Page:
Theo then tracked out of the flood plain and up to higher ground. I hadn’t seen any blood since the bed at the creek and we were heading right for a housing development in the neighboring municipality. Theo was tracking right behind the backyards of the houses and I was praying that the deer stayed in the woods. All of a sudden Theo’s tempo picked up and the hunter said he saw a deer get up and go to the right. Theo was really excited and tracking left towards the road. I just held back on the lead and let him settle a bit. It was obvious that there was more than one deer here and they left in different directions. Theo took a line that was straighter, and the hunter said that the deer went right. I asked him to stand by and wait. When I saw a small drop of fresh blood 30 yards later I knew he had the right deer. I went about another 30 yards, found another spot of blood and called up the hunter. Theo was tracking towards a mowed retention basin behind the houses and he was pulling hard. I planned to track up to the edge and look across and check for the deer. The basin was about 125 yards wide and there was no dead deer in it. I pulled Theo back and it was time to discuss our strategy with the hunter.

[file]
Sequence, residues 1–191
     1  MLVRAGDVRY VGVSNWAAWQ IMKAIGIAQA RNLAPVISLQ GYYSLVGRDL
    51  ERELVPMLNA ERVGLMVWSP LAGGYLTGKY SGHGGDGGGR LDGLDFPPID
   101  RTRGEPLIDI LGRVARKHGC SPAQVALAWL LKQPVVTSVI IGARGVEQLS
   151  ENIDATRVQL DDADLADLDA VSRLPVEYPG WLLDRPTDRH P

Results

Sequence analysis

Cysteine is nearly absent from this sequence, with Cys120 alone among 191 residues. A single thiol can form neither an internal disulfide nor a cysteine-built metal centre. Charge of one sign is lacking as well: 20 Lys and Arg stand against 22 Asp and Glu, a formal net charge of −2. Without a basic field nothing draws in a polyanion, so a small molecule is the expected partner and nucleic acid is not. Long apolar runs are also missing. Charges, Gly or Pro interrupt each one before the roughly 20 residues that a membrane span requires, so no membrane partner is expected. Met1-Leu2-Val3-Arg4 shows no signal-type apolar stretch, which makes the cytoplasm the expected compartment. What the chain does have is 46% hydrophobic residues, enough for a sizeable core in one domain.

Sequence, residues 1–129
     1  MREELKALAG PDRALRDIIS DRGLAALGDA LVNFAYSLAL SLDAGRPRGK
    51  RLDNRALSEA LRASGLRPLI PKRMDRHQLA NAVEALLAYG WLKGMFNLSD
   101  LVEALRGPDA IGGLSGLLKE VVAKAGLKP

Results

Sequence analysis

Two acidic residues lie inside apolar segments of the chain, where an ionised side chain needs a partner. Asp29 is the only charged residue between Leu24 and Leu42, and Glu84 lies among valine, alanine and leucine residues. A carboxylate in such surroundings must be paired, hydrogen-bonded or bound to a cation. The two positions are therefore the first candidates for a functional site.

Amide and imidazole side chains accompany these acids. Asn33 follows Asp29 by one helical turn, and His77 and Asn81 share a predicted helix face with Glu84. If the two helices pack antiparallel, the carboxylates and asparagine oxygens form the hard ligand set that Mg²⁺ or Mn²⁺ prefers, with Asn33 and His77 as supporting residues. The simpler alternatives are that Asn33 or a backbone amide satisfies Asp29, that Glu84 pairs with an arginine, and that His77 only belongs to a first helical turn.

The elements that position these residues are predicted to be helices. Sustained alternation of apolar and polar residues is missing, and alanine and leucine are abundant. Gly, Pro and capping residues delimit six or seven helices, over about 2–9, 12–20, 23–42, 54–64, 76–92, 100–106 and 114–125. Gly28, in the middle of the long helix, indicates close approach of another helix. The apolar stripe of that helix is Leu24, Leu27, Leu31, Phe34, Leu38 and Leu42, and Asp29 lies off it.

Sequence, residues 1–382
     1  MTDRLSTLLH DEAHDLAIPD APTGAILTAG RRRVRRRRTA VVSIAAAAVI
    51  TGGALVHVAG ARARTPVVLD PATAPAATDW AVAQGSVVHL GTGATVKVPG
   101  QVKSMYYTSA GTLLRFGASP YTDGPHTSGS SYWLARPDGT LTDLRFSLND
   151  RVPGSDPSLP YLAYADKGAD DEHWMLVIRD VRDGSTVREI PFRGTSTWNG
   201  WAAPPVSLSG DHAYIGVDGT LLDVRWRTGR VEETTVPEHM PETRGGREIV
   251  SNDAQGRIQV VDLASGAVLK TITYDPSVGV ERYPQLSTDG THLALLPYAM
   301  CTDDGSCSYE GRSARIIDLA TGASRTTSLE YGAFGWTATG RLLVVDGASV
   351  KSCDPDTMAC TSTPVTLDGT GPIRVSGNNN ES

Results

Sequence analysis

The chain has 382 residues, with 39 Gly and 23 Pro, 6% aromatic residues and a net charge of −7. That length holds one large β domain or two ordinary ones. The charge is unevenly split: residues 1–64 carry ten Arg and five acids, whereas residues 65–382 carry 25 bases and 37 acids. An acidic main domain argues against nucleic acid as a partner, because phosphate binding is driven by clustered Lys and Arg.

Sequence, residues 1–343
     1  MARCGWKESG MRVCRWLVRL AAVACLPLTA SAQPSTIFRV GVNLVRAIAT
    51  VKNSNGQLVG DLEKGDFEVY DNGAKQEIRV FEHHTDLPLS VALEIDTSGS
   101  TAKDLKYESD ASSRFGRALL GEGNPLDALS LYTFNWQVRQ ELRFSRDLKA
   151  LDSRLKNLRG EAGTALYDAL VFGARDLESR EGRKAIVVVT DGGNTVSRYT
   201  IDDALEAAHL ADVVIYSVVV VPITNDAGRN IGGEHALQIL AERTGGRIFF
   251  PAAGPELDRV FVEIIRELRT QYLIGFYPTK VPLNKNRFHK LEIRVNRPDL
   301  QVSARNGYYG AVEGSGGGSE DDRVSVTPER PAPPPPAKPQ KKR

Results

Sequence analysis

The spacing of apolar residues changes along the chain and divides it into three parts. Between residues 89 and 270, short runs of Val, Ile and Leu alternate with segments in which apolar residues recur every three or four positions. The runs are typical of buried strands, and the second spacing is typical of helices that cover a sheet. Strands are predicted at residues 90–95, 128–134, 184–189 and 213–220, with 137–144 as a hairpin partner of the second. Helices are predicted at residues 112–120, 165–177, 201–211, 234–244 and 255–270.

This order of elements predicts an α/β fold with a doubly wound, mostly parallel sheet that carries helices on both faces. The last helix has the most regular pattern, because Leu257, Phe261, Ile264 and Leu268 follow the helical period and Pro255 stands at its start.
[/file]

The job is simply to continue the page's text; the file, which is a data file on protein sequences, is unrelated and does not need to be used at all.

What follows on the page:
I was afraid to push the deer because of the houses. I’ve lost big deer to the developments before and did not want it to happen now. I laid out our options. We could continue and risk losing him in the development, we could come back around midnight and re-start, or we could take our chances with the rain and start in the morning. I reassured hunter that Theo could track after a rain and it wouldn’t be a problem, but I didn’t realize how much we were going to get.

We decided to resume tracking in the morning. It had poured over night and was raining hard in the morning. I sent a text to the hunter to make sure that were still on and he said yes. I was a little apprehensive about tracking to the deer but felt confident that if it stayed in the woods we could find him. I picked up the hunter and we started at the first creek crossing. I swear when Theo saw the hunter he knew we were going to finish what we started.